Don’t you believe in flying saucers, they ask me? Don’t you believe in telepathy? — in ancient astronauts? — in the Bermuda triangle? — in life after death?
No, I reply. No, no, no, no, and again no.
One person recently, goaded into desperation by the litany of unrelieved negation, burst out, “Don’t you believe in anything?”
“Yes,” I said. “I believe in evidence. I believe in observation, measurement, and reasoning, confirmed by independent observers. I’ll believe anything, no matter how wild and ridiculous, if there is evidence for it. The wilder and more ridiculous something is, however, the firmer and more solid the evidence will have to be.”
— Isaac Asimov
“I believe in evidence.” Isaac Asimov nails the essence of psychological health … in a single sentence.
The only thing to believe in is evidence and, where warranted, proof. But there is no proof without evidence. Logic has nothing to work with, in the absence of evidence. “Belief,” strictly speaking, is not required for evidence. Evidence rests on the observation of the senses, combined with abstract logical reasoning.
This is not only a concern of scientists. It’s a concern of anyone attempting to think and make decisions pertaining to everyday life. People can distort truth using the observation of their senses. They can point to an observed fact and then draw conclusions from that fact, conclusions which leave out other relevant facts. People do this all the time.
For instance, “Joe left his wife because he was having an affair. His wife Mary is devastated.” Based on these facts alone you’ll conclude, “Poor Mary! And what a lousy character that Joe is.” Perhaps. But what if crucial facts were left out? For example, the fact that Mary had an affair the year before and asked Joe’s forgiveness, which he initially granted? Your attitude will change, because your reasoning and conclusions will change as new facts are brought to light.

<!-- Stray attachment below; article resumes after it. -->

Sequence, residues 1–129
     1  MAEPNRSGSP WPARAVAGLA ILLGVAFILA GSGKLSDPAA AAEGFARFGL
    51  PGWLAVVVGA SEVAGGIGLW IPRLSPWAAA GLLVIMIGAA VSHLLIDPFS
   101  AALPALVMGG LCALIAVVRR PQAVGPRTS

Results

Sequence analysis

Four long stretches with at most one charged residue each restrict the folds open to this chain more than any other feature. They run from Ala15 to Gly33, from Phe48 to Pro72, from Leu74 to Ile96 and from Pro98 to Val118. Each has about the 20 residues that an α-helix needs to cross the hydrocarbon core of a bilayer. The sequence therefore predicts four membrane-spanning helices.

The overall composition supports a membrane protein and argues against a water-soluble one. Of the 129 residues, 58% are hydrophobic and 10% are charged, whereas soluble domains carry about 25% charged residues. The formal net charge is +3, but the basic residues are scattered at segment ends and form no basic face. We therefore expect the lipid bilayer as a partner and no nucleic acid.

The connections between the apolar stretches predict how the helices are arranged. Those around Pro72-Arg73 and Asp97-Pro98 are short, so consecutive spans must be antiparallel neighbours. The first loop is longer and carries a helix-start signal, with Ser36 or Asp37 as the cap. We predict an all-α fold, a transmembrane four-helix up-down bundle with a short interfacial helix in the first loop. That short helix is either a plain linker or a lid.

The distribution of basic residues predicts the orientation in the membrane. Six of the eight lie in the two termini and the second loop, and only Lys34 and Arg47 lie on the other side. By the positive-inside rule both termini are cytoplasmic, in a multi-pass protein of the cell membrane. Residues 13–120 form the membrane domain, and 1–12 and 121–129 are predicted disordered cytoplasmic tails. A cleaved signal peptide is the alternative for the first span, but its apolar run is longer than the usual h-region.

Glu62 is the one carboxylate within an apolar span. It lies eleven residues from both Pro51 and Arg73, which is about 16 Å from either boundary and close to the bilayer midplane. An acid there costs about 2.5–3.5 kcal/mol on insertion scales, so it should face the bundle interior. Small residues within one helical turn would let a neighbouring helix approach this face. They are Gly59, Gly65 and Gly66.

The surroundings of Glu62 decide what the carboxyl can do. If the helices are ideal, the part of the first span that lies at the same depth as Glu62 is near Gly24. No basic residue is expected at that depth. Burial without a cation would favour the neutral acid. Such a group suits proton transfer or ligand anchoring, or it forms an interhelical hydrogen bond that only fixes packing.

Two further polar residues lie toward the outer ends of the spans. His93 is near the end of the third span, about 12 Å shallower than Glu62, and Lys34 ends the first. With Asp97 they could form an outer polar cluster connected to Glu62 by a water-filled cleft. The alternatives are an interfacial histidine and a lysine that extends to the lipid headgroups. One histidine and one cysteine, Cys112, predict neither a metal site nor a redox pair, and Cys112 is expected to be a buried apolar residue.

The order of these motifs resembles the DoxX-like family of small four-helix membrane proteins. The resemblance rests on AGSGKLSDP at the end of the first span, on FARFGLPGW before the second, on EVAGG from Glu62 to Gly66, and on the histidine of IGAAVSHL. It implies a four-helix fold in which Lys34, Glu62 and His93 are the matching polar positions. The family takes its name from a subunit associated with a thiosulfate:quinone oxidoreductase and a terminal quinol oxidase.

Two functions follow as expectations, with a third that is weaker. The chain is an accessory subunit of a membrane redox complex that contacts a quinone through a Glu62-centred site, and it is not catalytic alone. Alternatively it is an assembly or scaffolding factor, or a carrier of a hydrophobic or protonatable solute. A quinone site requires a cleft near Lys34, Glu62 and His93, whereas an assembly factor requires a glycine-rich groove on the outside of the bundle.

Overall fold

Of course, people will sometimes leave out relevant facts because they wish you to form a particular conclusion that you would not otherwise form, without those additional facts. This happens every day. Sometimes it “feels good” for people to believe things without evidence. Believing in telepathy or ancient astronauts might make life more interesting, or perhaps provide hope that you can wish things into existence without rational behavior and thought.
In order to experience this positive emotion, belief in the absence of evidence (or in contradiction of evidence) is developed and maintained. I label this a psychological problem based on a philosophical error. To a person whose only “belief system” consists of reasoning and evidence, there’s no temptation to make things up in this way. It’s not appealing, to a rational person, “just to believe” in the absence of evidence. The minute you try to do so, you experience cognitive dissonance, if you’re a rational person. “But there’s no evidence for this. How can I be excited about something if it isn’t necessarily or even possibly true?”
Some people will never experience this dissonance, which is why they make life decisions—sometimes major ones—in the absence of evidence, or contrary to evidence. Proof and evidence are not just for science. They’re for all of life. You evade or ignore them at your own peril.
Cognitive psychologist Dr. Aaron Beck stated that man is a practical scientist, even in his everyday life. Or, at least: he should be.
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